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SA has ‘extremely bright economic prospects’ – economists

Roelof Botha expects the economy to grow by at least 5% in 2021; Azar Jammine says the global environment is helping.
Transformation needs to extend beyond simply giving previously disadvantaged individuals jobs. Image: Moneyweb

South Africa has extremely bright economic prospects, according to two prominent economists.

Roelof Botha, an economic advisor of Optimum Investment Group, said the economy is recovering off a low base but the super cycle started in 2019 and was interrupted by Covid-19, which will probably continue for quite some time.

“But India is expected to grow by 12% this year, China by above 8% and the US by close to 6%,” he said. “There is absolutely no way that the South African economy is going to grow less than 5% this year and it should be able to maintain that momentum.

“So the jobs will be coming, especially if the government is true to its word and it creates a more enabling environment for the private sector by removing the obstacles to growth – and they can start with labour legislation.”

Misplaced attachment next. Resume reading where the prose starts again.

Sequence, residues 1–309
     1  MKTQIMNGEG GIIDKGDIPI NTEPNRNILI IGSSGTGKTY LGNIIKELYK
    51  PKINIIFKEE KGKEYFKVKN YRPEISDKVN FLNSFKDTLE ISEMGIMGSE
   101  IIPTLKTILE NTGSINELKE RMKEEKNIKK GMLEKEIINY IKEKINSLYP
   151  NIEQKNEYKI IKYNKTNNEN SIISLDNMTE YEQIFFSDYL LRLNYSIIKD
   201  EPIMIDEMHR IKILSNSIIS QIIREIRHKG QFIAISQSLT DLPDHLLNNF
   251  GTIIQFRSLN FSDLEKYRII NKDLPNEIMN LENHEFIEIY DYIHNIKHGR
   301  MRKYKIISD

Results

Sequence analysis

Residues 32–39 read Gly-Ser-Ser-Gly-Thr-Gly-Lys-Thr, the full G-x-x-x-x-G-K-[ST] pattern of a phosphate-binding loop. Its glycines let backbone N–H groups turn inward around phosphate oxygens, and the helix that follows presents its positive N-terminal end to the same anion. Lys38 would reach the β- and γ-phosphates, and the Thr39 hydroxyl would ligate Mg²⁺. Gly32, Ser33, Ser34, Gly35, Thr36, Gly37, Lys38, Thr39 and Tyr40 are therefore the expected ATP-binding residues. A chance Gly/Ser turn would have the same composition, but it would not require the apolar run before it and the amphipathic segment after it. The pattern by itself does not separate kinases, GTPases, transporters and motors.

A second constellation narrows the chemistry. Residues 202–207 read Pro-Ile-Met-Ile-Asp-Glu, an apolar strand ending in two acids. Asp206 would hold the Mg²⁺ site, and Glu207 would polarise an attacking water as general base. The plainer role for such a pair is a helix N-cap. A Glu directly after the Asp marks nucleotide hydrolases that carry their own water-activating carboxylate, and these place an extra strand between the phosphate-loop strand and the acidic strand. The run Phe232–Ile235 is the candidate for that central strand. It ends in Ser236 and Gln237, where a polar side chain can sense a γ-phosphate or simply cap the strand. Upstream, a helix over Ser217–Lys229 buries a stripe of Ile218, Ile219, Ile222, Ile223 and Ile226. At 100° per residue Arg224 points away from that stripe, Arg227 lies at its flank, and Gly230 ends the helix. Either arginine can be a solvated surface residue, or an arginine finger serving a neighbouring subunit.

Botha stressed that it is a fallacy that South Africa is not creating jobs, adding that 510 000 jobs were created since the second quarter of 2020, with 152 000 jobs alone created in March 2021 for highly skilled people.

“The pandemic was an unbelievable phenomenon. It’s the last thing that any country in the world needed but we are getting out of it at a rapid rate of knots,” he said.

Azar Jammine, the chief economist of Econometrix, said the economic recovery off an extremely low and depressed base has been a little stronger than anticipated as seen by the latest GDP figures.


Jammine said South Africa has also learnt that the strength of the economy is derived from the fact that the middle and higher income groups were not nearly as severely affected by Covid-19 as the lower income groups and informal economy.

He said the middle and upper income groups account for between 80% and 85% of the spending power in the country, which has meant the country’s tax revenues have not declined to the extent anticipated and the budget deficit and government’s borrowing requirements are not as large as anticipated.

Jammine said this recovery is being assisted by the global environment, which is looking more positive than it has for a decade because of the development of Covid-19 vaccines, a return to normal economic conditions far sooner than anticipated, and the world’s leading governments and central banks having embarked upon the biggest stimulus the world has ever seen.